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Regular version of the site

Book chapter

Demography and Migration in Post-Soviet Countries

P. 161-190.

The development of demographic processes in the post-Soviet area
demonstrates that a long existence within a single system determines the
laws of the development to some extent even after 30 years. In particular,
no matter how the geopolitical, economic and social conditions in the
countries of the former USSR have changed, in the migratory sense they
are largely ‘tied’ to each other. It may be argued that migration processes
are still connecting the post-Soviet region. However, the modern form of
migration processes would not be possible were it not for the profound
differences in the demographic behaviour of the population of the former
Soviet republics.
When it comes to demography, diverging trends between countries
of the Soviet Union started well before the dissolution of the latter; in
fact, differences between the western and eastern republics (the latter
meaning Central Asia and Azerbaijan) were visible as early as the 1960s
in terms of reproduction rate, as well as average life expectancy. These
trends resulted in significant changes in the ethnic composition of the
Soviet Union even before 1989, with the share of titular nations increasing
a lot faster in Central Asia than in Russia or Ukraine. These trends were further strengthened by the dissolution of the Soviet Union: demographic indicators significantly worsened in the western
part of the post-Soviet region, as well as in Armenia and Georgia, while
other countries experienced population growth. The ethnic composition
of the post-Soviet countries was further changed by the mass emigration
of ethnic Russians back to Russia, mainly in the 1990s.
Regarding this particular aspect, the research revealed that the numbers
of ethnic Russians living in countries of the former Soviet Union have
sharply decreased in the past three decades. While in 1989 more than
25 million ethnic Russians lived in these countries, by the 2010s their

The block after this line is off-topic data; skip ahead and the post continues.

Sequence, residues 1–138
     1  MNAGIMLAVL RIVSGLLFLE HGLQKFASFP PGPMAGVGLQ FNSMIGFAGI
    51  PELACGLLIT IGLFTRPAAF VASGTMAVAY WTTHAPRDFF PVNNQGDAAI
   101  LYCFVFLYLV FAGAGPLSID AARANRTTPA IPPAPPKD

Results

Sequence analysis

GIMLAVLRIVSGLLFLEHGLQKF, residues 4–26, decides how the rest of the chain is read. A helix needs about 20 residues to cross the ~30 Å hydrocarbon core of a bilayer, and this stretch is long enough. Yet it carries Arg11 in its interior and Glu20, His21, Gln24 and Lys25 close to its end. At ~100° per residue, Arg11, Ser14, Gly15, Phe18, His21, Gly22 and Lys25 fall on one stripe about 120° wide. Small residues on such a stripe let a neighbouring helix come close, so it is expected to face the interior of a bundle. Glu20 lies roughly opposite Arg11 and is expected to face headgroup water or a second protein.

numbers had dropped by nearly ten million, down to 15 million. The
main reasons for this sharp decline included emigration back to Russia,
assimilation, the lower fertility rate and, not least, higher natural mortality,
due to the fact that remaining Russians belong to older age cohorts
on average. As there is no reason to believe that these trends will change,
the presence of ethnic Russians in countries of the former Soviet Union
is likely to gradually lose its significance as a cohesive force in the region.
The position of the Russian language as a lingua franca is different,
however. Although in the 1990s the previously prioritized role of the
language decreased significantly in line with the establishment of new
states and identities, pragmatic considerations have still played a strong
role in the preservation of the Russian language even throughout the
2010s. Although Russian is recognized as an official state language only in
Belarus and Kyrgyzstan in addition to the respective titular languages, it
still serves as a language of international and inter-ethnic communication
in the other post-Soviet countries as well.
Hence, all in all, one may conclude that while demographic differences
in the post-Soviet region are increasing and the number of ethnic
Russians living in the successor states is sharply decreasing, migration
patterns, as well as the important role of the Russian language still serve
as strong cementing factors in the region as a whole.

In book

Helsinki: Finnish Institute of International Affairs, 2019.